Assertiveness seems to be the buzzword hanging on everyone’s lips as the solution for career advancement. The notion that unless you aggressively assert your claim to promotions, raises, perks, bonuses and the like within any business or organization, you will not receive your due, or worse, you will see someone else take it from you, has become ingrained as the go-to advice for anyone seeking to build a successful career.
Unfortunately for many who have followed this advice, being assertive is not always the right approach. Indeed, in my experience it is too often the wrong course. A better path for most people is to think realistically about what would be fair, and then thoughtfully ask for it.
Recently I worked as an advisor to a rising company that sought to hire a controller/director of operations. The position came with the promise that if the person hired took the company successfully through one annual audit cycle, a promotion to Chief Financial Officer was on the table. A young woman in her late twenties, a CPA from a good school, five years solid experience in a similar position at a larger firm, applied and lobbied enthusiastically for the job. She believed she would be ready to become a CFO soon, but at her current firm there were other competent people senior to her in the finance department and thus in the next few years promotion was highly unlikely. She made it clear that she was willing to move for the same salary and expected bonus that her current employer offered, as long as she had the assurance of the CFO position if she proved herself in the first year.
Along with a partner at the company’s auditors, I was asked to interview her. I met her and was as impressed as I have ever been by a young candidate. Her accounting skills were first-rate and her job experience exceptional, but most importantly she exhibited a wonderful combination of poise, confidence and modesty. Furthermore she understood and valued the career significance of becoming a CFO by age thirty and of growing with a smaller company that had a promising future. She wanted the responsibility and the prospect excited her. The partner from the audit firm met her early the following week and rated her as positively as I did. When I reflected my opinion to the company’s CEO, he informed me that her references were superb, highlighting her thoroughness and execution skills.
The company negotiated an offer with her: salary and bonus same as her current firm, promise of the CFO position after one successful annual audit, and assurance of a profit participation as CFO. No one would be hired above her and she would report directly to the CEO.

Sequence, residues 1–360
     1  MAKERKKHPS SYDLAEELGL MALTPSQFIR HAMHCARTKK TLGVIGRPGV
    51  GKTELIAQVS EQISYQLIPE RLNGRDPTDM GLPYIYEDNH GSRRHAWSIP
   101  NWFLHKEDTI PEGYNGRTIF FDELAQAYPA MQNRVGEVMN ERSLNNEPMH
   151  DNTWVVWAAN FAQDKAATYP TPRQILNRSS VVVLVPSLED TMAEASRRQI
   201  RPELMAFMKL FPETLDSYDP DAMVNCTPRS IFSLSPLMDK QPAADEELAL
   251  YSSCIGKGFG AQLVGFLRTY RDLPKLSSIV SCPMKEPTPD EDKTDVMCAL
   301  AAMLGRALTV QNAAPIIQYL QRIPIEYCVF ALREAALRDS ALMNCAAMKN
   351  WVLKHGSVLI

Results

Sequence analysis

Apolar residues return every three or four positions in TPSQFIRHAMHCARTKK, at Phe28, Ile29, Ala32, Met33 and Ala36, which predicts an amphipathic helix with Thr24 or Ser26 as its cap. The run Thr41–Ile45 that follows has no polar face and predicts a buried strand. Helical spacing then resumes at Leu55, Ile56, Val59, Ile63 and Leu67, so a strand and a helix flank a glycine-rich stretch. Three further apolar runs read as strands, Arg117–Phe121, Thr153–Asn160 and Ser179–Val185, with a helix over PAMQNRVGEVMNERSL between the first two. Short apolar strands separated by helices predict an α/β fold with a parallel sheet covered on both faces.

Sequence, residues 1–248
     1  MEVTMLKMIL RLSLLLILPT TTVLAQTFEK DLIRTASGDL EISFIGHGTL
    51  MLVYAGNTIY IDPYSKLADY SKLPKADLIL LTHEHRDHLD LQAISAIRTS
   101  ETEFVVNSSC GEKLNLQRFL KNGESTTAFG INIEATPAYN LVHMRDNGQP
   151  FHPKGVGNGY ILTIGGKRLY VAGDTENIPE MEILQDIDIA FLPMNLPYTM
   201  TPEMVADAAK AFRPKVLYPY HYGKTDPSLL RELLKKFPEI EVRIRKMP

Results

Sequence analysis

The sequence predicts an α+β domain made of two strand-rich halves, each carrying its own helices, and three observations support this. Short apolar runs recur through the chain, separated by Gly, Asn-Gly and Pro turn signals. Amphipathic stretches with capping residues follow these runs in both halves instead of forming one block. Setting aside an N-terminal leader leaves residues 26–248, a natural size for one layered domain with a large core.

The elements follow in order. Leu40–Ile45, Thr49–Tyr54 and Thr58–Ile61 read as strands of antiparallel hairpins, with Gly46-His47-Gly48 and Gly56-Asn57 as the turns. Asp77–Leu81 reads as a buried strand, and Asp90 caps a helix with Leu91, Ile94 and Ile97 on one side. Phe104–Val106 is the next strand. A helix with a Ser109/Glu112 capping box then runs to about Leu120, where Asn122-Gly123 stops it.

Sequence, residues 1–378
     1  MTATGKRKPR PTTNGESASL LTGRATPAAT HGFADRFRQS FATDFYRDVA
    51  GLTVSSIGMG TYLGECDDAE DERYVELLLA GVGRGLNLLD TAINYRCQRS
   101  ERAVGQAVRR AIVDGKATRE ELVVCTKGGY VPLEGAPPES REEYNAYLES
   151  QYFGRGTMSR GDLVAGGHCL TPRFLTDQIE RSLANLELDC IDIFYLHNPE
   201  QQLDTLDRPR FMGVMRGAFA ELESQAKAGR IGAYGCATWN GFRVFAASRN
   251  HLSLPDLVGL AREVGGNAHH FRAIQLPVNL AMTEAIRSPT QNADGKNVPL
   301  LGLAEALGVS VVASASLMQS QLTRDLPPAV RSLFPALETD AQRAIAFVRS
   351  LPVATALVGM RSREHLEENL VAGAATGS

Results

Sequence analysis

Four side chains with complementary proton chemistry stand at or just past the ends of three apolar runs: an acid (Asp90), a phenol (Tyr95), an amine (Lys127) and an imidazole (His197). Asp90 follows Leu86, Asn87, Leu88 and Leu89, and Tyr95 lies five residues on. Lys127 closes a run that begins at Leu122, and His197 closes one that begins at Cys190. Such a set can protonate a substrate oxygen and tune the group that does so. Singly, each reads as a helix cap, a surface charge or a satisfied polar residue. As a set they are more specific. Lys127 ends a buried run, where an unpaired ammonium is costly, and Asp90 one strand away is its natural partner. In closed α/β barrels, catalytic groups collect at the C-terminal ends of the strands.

She indicated her happiness with the terms and asked if the CEO could send her a formal offer letter. The company e-mailed it to her the next morning.
She responded that afternoon, saying it all looked good but that she wanted to run it by a family friend. The next day she made a request for a guaranteed bonus that was three times the one agreed. Her stated reason was that she would have additional commuting costs with the new job. The CEO replied by saying he understood, and that the company would pay those commuting costs. However, this cost was a small fraction of the additional amount she requested. They would be unable to pay anything above that. Her response was that she believed she was worth the additional amount and she would not accept anything less.
The CEO reminded her that the company had come up to meet her original request to match her current compensation and benefits, and that in exchange she had been granted the opportunity she sought. They conversed several times more over the following week, but she was unmoved. The CEO later told me it was like speaking to a different person. Gone was the poise and modesty, the calm-but-self-assured professionalism, all the classic traits of good CFOs. An aggressiveness and firmness took its place that came across as insincere and at times rehearsed.
I asked the CEO if he was going to negotiate further. He said no. The problem now was not about money or terms. The problem was he no longer wanted to hire her. “I am uncomfortable with the idea of handing over our operations and accounting to her.”
I later heard that she regretted missing out on the opportunity. This is not an uncommon tale: someone with career-making opportunities placed before them is advised to be more assertive in their demands. They are told that unless they do so they will be taken advantage of. I have little doubt that this is what happened here. A promising young professional had a dream opportunity in front of her. Someone advised her she was being misled by the company CEO and his offer. Someone did mislead her, of course. But not the CEO.